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L.A. Daily News: Add Evens sailors' names to the wall

Published July 28, 2014 10:29 am

Los Angeles Daily News
This is an archived article that was published on sltrib.com in 2014, and information in the article may be outdated. It is provided only for personal research purposes and may not be reprinted.

When is it a war game and when is it really just a war?

How about when dozens of American sailors are killed in the maneuvering, as 74 aboard the destroyer the USS Frank E. Evans were on the morning of June 3, 1969? The Evans had been deployed as part of the Vietnam War effort. Just weeks before, its guns had been shelling the Viet Cong near Da Nang. The tragic morning the sailors died, the Evans was off the Vietnam coast when the Melbourne, an Australian aircraft carrier, accidentally rammed it, tearing it in half.

In what way, precisely, was this incident not part of the Vietnam War? Well, according to the Pentagon, in some way that has kept those 74 names off the Vietnam Veterans Memorial Wall in Washington, D.C.



This is a bureaucratic abomination that Rep. Adam Schiff, D-Burbank, has long sought to cure after hearing about the Evans for years from constituent Tim Wendler of Pasadena. Wendler was a baby when his father, Thibodeau, died on the Evans. When he visits the hallowed wall in Washington, he can't understand why his father's name is not on it.

Neither can we. And so we share Schiff's and Wendler's hope that Defense Secretary Chuck Hagel — the third secretary Schiff has lobbied on this issue — will agree to put the names of the 74 sailors on the wall. There also is legislation to do so — the House approved an amendment to add the names in its version of the Defense Authorization Bill, though the Senate has yet to take action on its bill. But the first defense secretary to have himself served, as an enlisted man, in Vietnam, Hagel could make the call to add the names without waiting for congressional approval. (So could the president.) Secretary of the Navy Ray Mabus has indicated his support. So what's the holdup?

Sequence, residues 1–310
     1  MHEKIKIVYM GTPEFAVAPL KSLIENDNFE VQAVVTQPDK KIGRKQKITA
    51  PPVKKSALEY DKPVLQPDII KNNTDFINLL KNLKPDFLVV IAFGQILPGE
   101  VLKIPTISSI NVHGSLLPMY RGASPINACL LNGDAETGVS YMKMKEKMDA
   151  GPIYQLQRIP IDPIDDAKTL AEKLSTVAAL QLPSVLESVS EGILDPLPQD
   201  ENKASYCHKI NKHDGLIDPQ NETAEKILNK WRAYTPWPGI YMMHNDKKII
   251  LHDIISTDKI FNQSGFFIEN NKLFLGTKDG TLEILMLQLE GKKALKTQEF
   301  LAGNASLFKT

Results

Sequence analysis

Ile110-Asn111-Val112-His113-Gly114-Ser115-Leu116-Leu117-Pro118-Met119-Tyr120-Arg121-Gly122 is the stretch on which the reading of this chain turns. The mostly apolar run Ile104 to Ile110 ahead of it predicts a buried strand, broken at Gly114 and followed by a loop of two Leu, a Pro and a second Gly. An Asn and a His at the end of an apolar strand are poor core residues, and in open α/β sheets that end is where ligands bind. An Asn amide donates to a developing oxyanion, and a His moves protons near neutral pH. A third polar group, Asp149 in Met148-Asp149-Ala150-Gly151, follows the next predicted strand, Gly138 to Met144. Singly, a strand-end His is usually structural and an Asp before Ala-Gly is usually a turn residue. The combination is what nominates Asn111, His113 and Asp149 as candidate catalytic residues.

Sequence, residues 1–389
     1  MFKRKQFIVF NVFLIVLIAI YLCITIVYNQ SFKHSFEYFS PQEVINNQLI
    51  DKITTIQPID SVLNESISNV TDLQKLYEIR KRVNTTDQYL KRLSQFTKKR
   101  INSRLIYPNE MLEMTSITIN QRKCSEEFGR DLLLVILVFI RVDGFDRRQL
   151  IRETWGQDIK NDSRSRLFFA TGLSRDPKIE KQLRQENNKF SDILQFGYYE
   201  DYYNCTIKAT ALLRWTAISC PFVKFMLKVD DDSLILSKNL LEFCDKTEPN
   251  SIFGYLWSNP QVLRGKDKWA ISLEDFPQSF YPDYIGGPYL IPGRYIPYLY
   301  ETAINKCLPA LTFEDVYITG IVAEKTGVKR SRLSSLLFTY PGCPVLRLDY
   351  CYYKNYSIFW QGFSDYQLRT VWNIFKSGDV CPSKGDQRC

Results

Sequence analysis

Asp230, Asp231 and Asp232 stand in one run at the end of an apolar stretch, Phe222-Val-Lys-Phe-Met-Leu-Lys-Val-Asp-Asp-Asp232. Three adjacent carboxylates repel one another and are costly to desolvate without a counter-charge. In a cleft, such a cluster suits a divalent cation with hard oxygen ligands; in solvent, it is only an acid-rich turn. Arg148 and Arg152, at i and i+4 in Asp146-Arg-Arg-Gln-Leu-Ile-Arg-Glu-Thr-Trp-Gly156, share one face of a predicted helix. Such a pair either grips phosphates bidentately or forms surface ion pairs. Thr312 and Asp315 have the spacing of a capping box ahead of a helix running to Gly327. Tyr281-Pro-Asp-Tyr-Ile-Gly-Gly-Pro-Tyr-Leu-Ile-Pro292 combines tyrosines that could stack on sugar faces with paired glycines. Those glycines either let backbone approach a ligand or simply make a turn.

Several issues have historically stood in the way. When the accident happened, President Nixon had just ordered the first large wave of troops sent home from Vietnam, and the last thing he wanted was a report of 74 dead in one war-related incident. There are always worries that adding more names to the wall would open up the cases of other service members who happened to die during the Vietnam period. But the Evans case stands alone. These sailors died in the combat-related service of their country off the coast of Vietnam, and their names should be on the wall.

 

 

 

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